The Historical Adam and the Theological Virtues: A Suggestion
What exactly do we lose if we hedge our bets on the historical Adam? This has become the question in ongoing debates over how important the idea really is to Christian faith and life. Most of these debates, animated as they are by the perceived stakes, tend hastily to gloss over some important distinctions, however, such as the distinction between the historical Adam and the process of his creation. These are not necessarily connected to one another. The same goes for the historical Adam and the nature of the creation "week" or the age of the earth: however these ideas line up in a given theologian, few positions on the process of Adam's creation, the "week," the age of the earth in fact require an unhistorical Adam and this is too infrequently kept in mind. (For instance, this nuance has sometimes been overlooked in critical reviews of the work of Denis Alexander of the Faraday Institute who believes both in the historical Adam and in evolutionary origins for humankind.) Regrettably, given the relative ignorance (yes, it is improving) among theologians regarding the sciences on the one hand and the serious questions and difficulties in biblical studies on the other, there are many ways to argue unhelpfully and tendentiously for the historical Adam. But of course the same is true for any other biblical and theological question.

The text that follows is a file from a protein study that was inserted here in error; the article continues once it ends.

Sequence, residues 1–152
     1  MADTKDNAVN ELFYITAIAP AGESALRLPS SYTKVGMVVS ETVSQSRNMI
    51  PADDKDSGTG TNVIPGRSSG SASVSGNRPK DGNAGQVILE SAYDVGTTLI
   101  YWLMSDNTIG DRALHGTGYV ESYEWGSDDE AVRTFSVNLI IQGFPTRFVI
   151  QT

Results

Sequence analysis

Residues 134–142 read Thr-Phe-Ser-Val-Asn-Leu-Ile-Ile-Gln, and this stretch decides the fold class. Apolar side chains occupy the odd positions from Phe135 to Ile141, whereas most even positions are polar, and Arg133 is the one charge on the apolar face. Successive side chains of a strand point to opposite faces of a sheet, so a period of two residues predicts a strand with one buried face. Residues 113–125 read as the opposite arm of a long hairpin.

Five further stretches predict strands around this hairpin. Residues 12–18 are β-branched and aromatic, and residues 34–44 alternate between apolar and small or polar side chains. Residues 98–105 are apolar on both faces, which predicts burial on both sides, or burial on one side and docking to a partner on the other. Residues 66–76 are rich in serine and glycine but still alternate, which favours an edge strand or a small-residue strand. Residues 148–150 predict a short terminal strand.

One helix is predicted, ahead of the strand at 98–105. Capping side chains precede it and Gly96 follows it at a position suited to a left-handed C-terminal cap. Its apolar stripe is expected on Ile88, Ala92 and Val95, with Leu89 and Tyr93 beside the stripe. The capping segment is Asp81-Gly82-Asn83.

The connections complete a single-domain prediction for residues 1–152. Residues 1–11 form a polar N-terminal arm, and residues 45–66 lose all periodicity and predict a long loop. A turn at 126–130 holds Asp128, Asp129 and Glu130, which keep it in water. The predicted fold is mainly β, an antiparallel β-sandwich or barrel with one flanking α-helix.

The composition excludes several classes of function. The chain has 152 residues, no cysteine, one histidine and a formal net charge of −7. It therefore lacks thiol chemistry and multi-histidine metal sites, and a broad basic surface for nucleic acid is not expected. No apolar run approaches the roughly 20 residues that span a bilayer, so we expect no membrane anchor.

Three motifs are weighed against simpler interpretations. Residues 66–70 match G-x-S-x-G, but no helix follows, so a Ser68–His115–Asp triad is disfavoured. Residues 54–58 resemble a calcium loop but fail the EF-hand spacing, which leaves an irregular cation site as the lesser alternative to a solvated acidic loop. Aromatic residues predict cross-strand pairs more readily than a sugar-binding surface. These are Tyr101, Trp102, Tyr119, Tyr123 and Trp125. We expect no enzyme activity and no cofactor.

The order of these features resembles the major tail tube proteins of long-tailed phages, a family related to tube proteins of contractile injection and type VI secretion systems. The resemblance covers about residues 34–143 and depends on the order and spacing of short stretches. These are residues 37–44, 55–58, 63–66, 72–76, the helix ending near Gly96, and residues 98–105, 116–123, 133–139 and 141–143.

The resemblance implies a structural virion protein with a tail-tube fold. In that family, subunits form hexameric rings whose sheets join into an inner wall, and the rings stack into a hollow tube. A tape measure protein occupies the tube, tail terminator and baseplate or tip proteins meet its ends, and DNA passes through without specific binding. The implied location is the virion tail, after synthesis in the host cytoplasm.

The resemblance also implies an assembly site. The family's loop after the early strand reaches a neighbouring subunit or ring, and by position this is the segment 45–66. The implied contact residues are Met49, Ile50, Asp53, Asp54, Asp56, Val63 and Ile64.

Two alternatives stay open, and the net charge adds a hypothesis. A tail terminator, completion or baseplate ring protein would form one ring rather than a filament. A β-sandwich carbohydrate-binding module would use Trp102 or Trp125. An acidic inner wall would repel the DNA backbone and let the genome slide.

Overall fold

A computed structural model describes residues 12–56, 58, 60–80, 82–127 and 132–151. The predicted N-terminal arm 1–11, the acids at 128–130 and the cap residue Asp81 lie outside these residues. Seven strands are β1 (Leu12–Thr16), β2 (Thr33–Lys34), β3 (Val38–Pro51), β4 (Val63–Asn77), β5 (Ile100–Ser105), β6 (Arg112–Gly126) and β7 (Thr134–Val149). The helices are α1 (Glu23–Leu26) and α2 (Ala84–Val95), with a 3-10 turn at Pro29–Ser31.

One way to orient ourselves properly to the Adam question is to keep in view the bigger biblical picture of which the Adam story of Genesis is a part, and to remember what is easily forgotten: Genesis is written by and from within the world after the Fall and specifically as an authoritative rule of Israel's self-understanding as Israel. More particularly, at the heart of the question of a historical Adam is - in the Israel-centric world of the Bible, at least - the historicity of the Fall at the heart of Israel's very historical and real-world experience of sin, judgment, and hope. Theologically, too, it is difficult to find a more intimate connection than the one between Adam and the phenomena of the Fall, and the question of Adam's historicity must turn in large part on how important the historicity of the Fall is to Christian theology. Answering this question carries with it the larger part of the answer regarding the historicity of Adam.